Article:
Waymo said on Thursday that it will try to teach its self-driving cars about snow by taking part of its fleet to a place with notoriously fierce winter weather: Michigan.
Waymo, the Alphabet (NASDAQ: GOOG) (NASDAQ: GOOGL) subsidiary formerly known as the Google Self-Driving Car Project, said it's expanding its test fleet to the metropolitan Detroit area specifically to gain experience with driving in snowy and icy conditions.
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What Waymo's CEO said about the plan
Waymo's CEO, John Krafcik, is no stranger to Michigan: He lived in the state for 14 years while working for Ford Motor Company (NYSE: F) as an engineer earlier in his career. In a post on Waymo's blog, he noted that snow can create many different conditions on roadways, from packed powder to an icy glaze -- and all of them present challenges to human drivers and the systems that seek to emulate them:
Krafcik said the testing will help Waymo understand how its sensors perform in cold weather and in the presence of snow and ice. It will also help Waymo's system acquire more experience driving in varied winter conditions, when roads are slippery and things like lane markings and signs may be covered in snow or hard to see.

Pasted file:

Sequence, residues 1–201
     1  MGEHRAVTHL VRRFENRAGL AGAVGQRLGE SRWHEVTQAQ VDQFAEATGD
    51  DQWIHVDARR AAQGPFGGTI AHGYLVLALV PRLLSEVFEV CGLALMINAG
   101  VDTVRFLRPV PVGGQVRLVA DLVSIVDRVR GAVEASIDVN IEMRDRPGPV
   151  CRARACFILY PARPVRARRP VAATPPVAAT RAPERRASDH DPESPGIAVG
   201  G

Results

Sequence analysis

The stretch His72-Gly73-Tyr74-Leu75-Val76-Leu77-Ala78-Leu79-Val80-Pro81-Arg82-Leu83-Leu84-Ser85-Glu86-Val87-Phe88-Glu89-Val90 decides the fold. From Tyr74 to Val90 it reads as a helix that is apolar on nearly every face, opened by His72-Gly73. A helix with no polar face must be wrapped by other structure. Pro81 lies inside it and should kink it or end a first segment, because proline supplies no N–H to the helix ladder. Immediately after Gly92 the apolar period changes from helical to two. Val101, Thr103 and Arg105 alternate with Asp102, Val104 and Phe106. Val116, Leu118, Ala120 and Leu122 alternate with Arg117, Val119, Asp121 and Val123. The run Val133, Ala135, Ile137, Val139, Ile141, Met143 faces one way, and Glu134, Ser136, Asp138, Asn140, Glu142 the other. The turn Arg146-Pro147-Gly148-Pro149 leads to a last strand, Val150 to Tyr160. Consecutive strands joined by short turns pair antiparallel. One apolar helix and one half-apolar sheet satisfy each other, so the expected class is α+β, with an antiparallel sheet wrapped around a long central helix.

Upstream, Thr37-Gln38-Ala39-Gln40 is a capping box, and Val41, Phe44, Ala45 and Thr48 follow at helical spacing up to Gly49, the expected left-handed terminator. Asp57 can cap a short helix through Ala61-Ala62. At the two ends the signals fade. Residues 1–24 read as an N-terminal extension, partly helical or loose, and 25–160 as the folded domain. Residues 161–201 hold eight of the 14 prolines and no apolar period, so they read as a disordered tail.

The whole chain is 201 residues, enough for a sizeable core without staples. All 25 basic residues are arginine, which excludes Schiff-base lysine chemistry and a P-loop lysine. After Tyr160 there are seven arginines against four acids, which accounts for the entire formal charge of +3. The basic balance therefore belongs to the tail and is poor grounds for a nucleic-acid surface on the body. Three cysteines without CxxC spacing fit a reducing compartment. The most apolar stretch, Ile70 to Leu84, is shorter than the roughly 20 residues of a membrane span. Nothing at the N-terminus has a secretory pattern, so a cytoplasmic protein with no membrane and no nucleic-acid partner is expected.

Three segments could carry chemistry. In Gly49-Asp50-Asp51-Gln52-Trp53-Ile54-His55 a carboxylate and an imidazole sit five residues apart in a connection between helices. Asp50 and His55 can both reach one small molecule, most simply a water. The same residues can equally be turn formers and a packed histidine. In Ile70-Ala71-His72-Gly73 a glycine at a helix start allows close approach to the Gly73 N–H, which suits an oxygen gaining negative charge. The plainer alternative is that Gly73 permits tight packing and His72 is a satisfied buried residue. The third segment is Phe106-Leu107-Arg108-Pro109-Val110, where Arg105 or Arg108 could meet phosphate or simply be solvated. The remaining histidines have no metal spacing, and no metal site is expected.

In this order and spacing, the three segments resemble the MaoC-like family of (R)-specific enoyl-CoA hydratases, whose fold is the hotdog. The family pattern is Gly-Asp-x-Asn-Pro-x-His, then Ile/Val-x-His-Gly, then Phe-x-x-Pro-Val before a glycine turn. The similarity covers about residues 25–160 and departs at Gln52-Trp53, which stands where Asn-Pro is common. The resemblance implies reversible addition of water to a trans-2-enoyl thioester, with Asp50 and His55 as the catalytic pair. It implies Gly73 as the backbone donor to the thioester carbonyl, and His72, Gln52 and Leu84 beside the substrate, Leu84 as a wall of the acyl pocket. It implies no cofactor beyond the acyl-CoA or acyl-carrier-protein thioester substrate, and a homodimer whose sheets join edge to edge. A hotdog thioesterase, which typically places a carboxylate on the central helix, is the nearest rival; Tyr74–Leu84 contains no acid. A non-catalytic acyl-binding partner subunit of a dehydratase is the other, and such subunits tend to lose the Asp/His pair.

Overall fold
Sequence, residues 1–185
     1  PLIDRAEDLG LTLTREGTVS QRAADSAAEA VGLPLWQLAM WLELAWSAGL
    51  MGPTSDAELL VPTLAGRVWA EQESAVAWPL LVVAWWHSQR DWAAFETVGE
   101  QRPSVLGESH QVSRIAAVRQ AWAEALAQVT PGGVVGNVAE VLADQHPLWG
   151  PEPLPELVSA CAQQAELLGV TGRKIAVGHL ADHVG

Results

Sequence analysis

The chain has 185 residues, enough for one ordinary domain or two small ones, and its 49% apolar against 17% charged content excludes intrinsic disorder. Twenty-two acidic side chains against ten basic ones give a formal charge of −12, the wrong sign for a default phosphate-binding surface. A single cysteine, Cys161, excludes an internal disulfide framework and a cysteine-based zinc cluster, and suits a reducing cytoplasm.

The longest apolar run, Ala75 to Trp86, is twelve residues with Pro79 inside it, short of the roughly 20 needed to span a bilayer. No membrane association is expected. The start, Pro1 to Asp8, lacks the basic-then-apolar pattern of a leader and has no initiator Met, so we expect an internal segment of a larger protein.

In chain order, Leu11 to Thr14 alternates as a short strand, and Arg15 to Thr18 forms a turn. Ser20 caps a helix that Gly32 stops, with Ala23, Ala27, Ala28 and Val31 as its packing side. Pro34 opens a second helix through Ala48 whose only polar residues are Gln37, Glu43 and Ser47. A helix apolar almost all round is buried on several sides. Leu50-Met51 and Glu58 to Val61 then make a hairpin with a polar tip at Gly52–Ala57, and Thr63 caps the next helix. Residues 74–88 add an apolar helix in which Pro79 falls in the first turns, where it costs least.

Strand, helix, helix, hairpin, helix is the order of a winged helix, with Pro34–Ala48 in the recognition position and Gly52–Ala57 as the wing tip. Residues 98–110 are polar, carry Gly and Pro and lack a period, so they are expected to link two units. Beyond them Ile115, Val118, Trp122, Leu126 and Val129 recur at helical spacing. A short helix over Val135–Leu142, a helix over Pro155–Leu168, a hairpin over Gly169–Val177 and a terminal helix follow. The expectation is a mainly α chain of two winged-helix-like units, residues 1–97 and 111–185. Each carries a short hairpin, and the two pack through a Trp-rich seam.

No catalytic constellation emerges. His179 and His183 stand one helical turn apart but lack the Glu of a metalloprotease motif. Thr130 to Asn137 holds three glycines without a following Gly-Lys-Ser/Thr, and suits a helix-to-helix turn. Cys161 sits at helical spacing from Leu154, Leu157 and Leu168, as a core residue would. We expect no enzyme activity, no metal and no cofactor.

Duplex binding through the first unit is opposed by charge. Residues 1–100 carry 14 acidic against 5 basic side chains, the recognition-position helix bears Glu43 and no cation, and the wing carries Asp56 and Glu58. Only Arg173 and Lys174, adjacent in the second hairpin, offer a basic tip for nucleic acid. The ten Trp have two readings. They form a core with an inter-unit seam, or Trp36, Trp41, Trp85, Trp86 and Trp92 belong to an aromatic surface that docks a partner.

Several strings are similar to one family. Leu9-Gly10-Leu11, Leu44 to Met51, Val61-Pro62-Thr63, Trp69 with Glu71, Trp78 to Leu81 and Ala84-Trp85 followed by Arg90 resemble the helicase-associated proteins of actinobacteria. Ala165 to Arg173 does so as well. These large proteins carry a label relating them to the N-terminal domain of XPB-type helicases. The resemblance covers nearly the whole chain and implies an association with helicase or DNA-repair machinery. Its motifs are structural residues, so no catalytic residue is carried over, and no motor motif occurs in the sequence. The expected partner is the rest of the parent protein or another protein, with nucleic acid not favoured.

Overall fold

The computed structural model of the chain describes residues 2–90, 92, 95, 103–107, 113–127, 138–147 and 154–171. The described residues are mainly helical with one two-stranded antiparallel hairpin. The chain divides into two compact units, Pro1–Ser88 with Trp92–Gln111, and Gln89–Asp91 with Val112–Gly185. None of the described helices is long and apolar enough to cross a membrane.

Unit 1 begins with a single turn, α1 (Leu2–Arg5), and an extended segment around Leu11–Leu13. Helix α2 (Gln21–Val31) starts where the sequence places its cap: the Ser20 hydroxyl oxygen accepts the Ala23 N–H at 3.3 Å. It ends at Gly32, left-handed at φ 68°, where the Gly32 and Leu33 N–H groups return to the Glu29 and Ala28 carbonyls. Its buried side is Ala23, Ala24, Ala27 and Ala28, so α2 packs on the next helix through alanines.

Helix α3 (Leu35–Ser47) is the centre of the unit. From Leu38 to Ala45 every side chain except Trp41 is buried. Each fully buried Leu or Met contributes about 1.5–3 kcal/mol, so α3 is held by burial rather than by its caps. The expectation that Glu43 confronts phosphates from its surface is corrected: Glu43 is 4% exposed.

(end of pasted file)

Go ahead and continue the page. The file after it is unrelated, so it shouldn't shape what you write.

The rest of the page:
Waymo's test vehicles will operate with a human driver behind the wheel as a backup to the self-driving system, should they be needed.
Waymo's test fleet and footprint are expanding
Most of Waymo's current test vehicles are specially modified versions of Chrysler's Pacifica Hybrid minivan. The unique minivans were created in an ongoing collaboration between Waymo and Fiat Chrysler Automobiles (NYSE: FCAU) that began last year. FCA delivered an initial batch of 100 of the special minivans in December; Waymo ordered 500 more in April.
Waymo opened a development center in Novi, Michigan in May, locating part of its team near FCA and other potential auto-industry partners. That facility will serve as the local home base for the winter-weather testing effort, Krafcik said. (Novi is about 20 miles northwest of downtown Detroit.)
Waymo has been testing its latest vehicles in California, Texas, Arizona, Nevada, and Washington, mostly places that aren't known for severe winters. The company has accumulated some limited winter-weather experience in Nevada and California near Lake Tahoe over the last several years, it said, but testing in Metro Detroit will pose plenty of new challenges for its automated vehicles.
Will this winter testing give Waymo a huge advantage?
Although there are some good reasons to believe that Waymo's technology is at or near the head of the self-driving pack, this testing plan isn't really one of them.
In fact, Waymo is almost certainly joining a crowd: There are likely to be several companies testing prototype self-driving systems on the roads of southeast Michigan this winter, including General Motors, Delphi Automotive, and others.
Two winters ago, Ford claimed to be the first in the industry to test fully autonomous vehicles in snowy winter weather. Waymo cheerfully disputed that claim, saying it has conducted cold-weather testing of its system since 2012, but the takeaway here is that this latest effort is arguably more about helping Waymo improve its system than it is about setting Waymo apart.
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